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Am J Hum Genet. 2014 Nov 6;95(5):509-20. doi: 10.1016/j.ajhg.2014.09.015. Epub 2014 Oct 16.

A novel test for recessive contributions to complex diseases implicates Bardet-Biedl syndrome gene BBS10 in idiopathic type 2 diabetes and obesity.

Author information

1
Division of Genetics and Genomics, The Manton Center for Orphan Disease Research, Boston Children's Hospital, Boston, MA 02115, USA; Howard Hughes Medical Institute, Chevy Chase, MD 20815-6789, USA; Department of Genetics, Harvard Medical School, Boston, MA 02115, USA; Program in Medical and Population Genetics, Broad Institute, Cambridge, MA 02142, USA. Electronic address: tengting.lim@childrens.harvard.edu.
2
Center for Human Disease Modeling, Duke University Medical Center, Duke University, Durham, NC 27710, USA.
3
Department of Genetics, Harvard Medical School, Boston, MA 02115, USA; Program in Medical and Population Genetics, Broad Institute, Cambridge, MA 02142, USA; Divisions of Endocrinology and Genetics and Center for Basic and Translational Obesity Research, Boston Children's Hospital, Boston, MA 02115, USA.
4
Department of Internal Medicine/Diabetology, Helsinki University Central Hospital, Helsinki 00029, Finland; The Institute for Diabetes Genetics, Folkhalsan Research Center, University of Helsinki, Helsinki 00014, Finland; Research Program for Diabetes and Obesity, University of Helsinki, Haartmaninkatu 8, Helsinki 00014, Finland.
5
Department of Primary Health Care, Vaasa Central Hospital, Hietalahdenkatu 2-4, 65 130 Vaasa, Finland; Diabetes Center, Vaasa Health Care Center, Sepänkyläntie 14-16, 65 100 Vaasa, Finland.
6
Department of Genetics, Harvard Medical School, Boston, MA 02115, USA; Program in Medical and Population Genetics, Broad Institute, Cambridge, MA 02142, USA; Department of Molecular Biology, Massachusetts General Hospital, Boston, MA 02114, USA.
7
Program in Medical and Population Genetics, Broad Institute, Cambridge, MA 02142, USA; Divisions of Genetics and Rheumatology, Department of Medicine, Brigham and Women's Hospital, Harvard Medical School, Boston, MA 02115, USA; Arthritis Research UK Epidemiology Unit, Centre for Musculoskeletal Research, Institute of Inflammation and Repair, The University of Manchester, Manchester M13 9PT, UK.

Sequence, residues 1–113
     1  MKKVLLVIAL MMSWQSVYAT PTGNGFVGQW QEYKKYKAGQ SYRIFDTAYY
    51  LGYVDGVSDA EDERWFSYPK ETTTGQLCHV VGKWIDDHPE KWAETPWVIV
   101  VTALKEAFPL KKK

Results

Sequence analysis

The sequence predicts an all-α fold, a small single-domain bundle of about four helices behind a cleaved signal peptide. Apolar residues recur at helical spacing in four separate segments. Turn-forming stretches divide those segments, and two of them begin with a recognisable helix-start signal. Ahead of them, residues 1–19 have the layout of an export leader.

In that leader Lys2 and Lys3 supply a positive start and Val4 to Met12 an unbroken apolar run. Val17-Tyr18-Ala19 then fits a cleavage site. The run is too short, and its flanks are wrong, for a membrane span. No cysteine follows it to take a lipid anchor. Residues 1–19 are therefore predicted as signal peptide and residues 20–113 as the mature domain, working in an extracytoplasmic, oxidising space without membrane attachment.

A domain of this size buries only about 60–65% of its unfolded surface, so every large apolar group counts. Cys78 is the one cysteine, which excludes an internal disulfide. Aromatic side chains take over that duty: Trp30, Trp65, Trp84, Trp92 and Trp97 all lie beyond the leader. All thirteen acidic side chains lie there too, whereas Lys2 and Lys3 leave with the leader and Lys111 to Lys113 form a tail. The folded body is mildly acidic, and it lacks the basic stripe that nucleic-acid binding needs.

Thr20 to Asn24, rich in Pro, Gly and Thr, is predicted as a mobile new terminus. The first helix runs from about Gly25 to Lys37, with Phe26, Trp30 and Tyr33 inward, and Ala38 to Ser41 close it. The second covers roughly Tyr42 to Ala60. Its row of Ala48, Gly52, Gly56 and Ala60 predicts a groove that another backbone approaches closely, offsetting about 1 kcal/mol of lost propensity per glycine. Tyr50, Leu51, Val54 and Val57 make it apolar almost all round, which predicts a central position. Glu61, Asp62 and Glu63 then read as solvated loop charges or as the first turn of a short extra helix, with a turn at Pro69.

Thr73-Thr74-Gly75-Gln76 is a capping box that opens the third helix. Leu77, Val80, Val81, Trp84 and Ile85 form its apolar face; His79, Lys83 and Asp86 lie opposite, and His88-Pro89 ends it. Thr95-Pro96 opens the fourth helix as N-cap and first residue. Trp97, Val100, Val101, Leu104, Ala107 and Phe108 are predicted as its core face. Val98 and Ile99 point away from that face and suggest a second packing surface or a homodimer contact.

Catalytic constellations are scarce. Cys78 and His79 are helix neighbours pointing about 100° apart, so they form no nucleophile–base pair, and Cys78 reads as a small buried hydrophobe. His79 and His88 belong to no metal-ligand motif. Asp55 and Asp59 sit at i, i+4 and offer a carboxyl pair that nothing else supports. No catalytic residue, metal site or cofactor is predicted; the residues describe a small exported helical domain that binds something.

8
Institute for Molecular Medicine Finland, University of Helsinki, Helsinki 00014, Finland; Lund University Diabetes Center, Department of Clinical Sciences, Diabetes & Endocrinology, Skåne University Hospital, Lund University, Malmö 205 02, Sweden.
9
Program in Medical and Population Genetics, Broad Institute, Cambridge, MA 02142, USA; Department of Molecular Biology, Massachusetts General Hospital, Boston, MA 02114, USA.
10
Program in Medical and Population Genetics, Broad Institute, Cambridge, MA 02142, USA; Analytic and Translational Genetics Unit, Department of Medicine, Massachusetts General Hospital, Boston, MA 02114, USA. Electronic address: mjdaly@atgu.mgh.harvard.edu.

Abstract

Rare-variant association studies in common, complex diseases are customarily conducted under an additive risk model in both single-variant and burden testing. Here, we describe a method to improve detection of rare recessive variants in complex diseases termed RAFT (recessive-allele-frequency-based test). We found that RAFT outperforms existing approaches when the variant influences disease risk in a recessive manner on simulated data. We then applied our method to 1,791 Finnish individuals with type 2 diabetes (T2D) and 2,657 matched control subjects. In BBS10, we discovered a rare variant (c.1189A>G [p.Ile397Val]; rs202042386) that confers risk of T2D in a recessive state (p = 1.38 × 10(-6)) and would be missed by conventional methods. Testing of this variant in an established in vivo zebrafish model confirmed the variant to be pathogenic. Taken together, these data suggest that RAFT can effectively reveal rare recessive contributions to complex diseases overlooked by conventional association tests.

PMID:
25439097
PMCID:
PMC4225638
DOI:
10.1016/j.ajhg.2014.09.015
[Indexed for MEDLINE]
Free PMC Article

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